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Tornado survivor Leo Muldoon gets back on his tractor seat

Joanne Schnurr, CTV News Ottawa
Published Monday, May 13, 2019 4:49PM EDT
Last Updated Monday, May 13, 2019 6:44PM EDT

Eight months ago, several tornadoes swept through Eastern Ontario, uprooting trees, flattening homes and injuring dozens of people. 

Dunrobin farmer Leo Muldoon was one of those injured when the barn he was on was ripped apart.  Muldoon has worked hard all his life.  Even when a tornado blew him off his barn, he was determined to get back on his tractor to plow his land.

The 78-year-old is not one to waste time.  So, he’s taking the short cut on this road to recovery; working hard to get back to where he was, back to the farm and the life he loves.

Muldoon has been coming to Liquid Gym in Ottawa’s west, working in a pool where the buoyancy frees his body of pain as he struggles to strengthen his muscles, using free weights and an underwater treadmill.

“No pain at all,” he says with a smile, as he works with his physiotherapist.

Muldoon has been doing re-hab at Liquid Gym since November, just two months after those tornadoes swept through Eastern Ontario and West Quebec.  Muldoon was on his barn in Dunrobin, fixing a piece of tin on the roof, when the tornado hit him from behind.

Not that he remembers, “I miss that part,” he joked in hospital in November, when he was first interviewed by CTV Ottawa, “because I was flippity-flop.”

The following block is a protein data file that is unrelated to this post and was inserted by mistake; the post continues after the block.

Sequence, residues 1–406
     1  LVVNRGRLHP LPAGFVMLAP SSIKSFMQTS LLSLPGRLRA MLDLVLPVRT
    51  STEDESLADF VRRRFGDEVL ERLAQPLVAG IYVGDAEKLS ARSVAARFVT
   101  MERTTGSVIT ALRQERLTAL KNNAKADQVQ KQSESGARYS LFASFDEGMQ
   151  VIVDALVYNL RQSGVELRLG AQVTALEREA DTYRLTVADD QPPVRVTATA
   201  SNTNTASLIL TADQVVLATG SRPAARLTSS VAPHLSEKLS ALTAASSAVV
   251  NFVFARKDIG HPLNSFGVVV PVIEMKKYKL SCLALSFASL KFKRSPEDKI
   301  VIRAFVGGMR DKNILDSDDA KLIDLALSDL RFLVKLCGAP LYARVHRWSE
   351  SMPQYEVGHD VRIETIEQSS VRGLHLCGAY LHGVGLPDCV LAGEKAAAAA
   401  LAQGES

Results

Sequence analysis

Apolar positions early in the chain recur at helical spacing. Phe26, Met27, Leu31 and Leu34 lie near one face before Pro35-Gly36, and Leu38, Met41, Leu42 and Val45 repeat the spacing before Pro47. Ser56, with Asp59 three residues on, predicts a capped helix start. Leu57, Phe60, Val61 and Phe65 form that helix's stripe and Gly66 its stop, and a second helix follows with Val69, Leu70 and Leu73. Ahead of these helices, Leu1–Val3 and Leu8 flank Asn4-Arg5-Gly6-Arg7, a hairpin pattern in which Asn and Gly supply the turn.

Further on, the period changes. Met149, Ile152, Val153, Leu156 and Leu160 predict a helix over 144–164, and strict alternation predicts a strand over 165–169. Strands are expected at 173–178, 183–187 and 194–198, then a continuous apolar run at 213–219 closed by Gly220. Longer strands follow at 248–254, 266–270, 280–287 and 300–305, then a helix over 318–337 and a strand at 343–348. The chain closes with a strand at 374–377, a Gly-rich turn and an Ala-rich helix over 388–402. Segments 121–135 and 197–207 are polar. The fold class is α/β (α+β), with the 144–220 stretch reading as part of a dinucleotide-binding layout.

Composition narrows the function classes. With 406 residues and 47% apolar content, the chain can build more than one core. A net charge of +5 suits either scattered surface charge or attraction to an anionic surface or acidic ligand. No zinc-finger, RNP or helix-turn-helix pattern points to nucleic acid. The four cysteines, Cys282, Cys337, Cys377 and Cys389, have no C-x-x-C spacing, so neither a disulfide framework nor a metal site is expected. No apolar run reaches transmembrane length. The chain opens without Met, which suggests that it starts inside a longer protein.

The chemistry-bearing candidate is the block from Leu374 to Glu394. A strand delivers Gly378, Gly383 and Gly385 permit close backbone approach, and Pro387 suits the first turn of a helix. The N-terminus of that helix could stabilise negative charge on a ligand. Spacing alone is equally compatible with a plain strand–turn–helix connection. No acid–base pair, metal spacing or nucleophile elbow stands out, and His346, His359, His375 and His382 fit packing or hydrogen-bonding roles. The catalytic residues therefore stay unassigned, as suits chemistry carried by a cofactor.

There were five barns on the Muldoon property the day the tornado hit, all of them flattened; including the one Leo Muldoon was on.  He recalls sheet metal flying over his head as he lay on the ground waiting for help.

It was touch and go for a bit.  Muldoon had suffered 7 cracked ribs and two collapsed lungs. 

“At that point, I wasn’t sure he was going to make it through that night,” recalls his wife Adele.

But make it, he has.  After weeks in the trauma unit at the Ottawa Hospital, then several more weeks at Elizabeth Bruyere, he started to do rehab at Liquid Gym.  Karen Snyder is Liquid Gym’s owner.

“He came in with walker,” she recalls, “hunched over, taking two inch steps and as soon as we got into the pool, things started to change.”

Now, the walker is gone and so is the cane. 

“What’s the first thing you’re going to do when you get out of here?” Muldoon was asked in hospital in November by CTV.  “See if I can get on my tractor.”

Sporting the t-shirt his daughter made for him, “It takes more than a gust of wind to keep this guy down,” he reads, Muldoon is back in the tractor seat and he’s already got the barley in the ground.

“Thought I’d get her planted,” he says with a chuckle, “and then the rain came so all it has to do is grow.”

As for the tornado, the road ahead doesn’t include that.

The Muldoons are talking about replacing their flattened barn with something called a “Cover-All.”   It’s round so Leo won’t have to climb the ladder ever again to fix the roof.  He jokes to his wife Adele that he’s been grounded.

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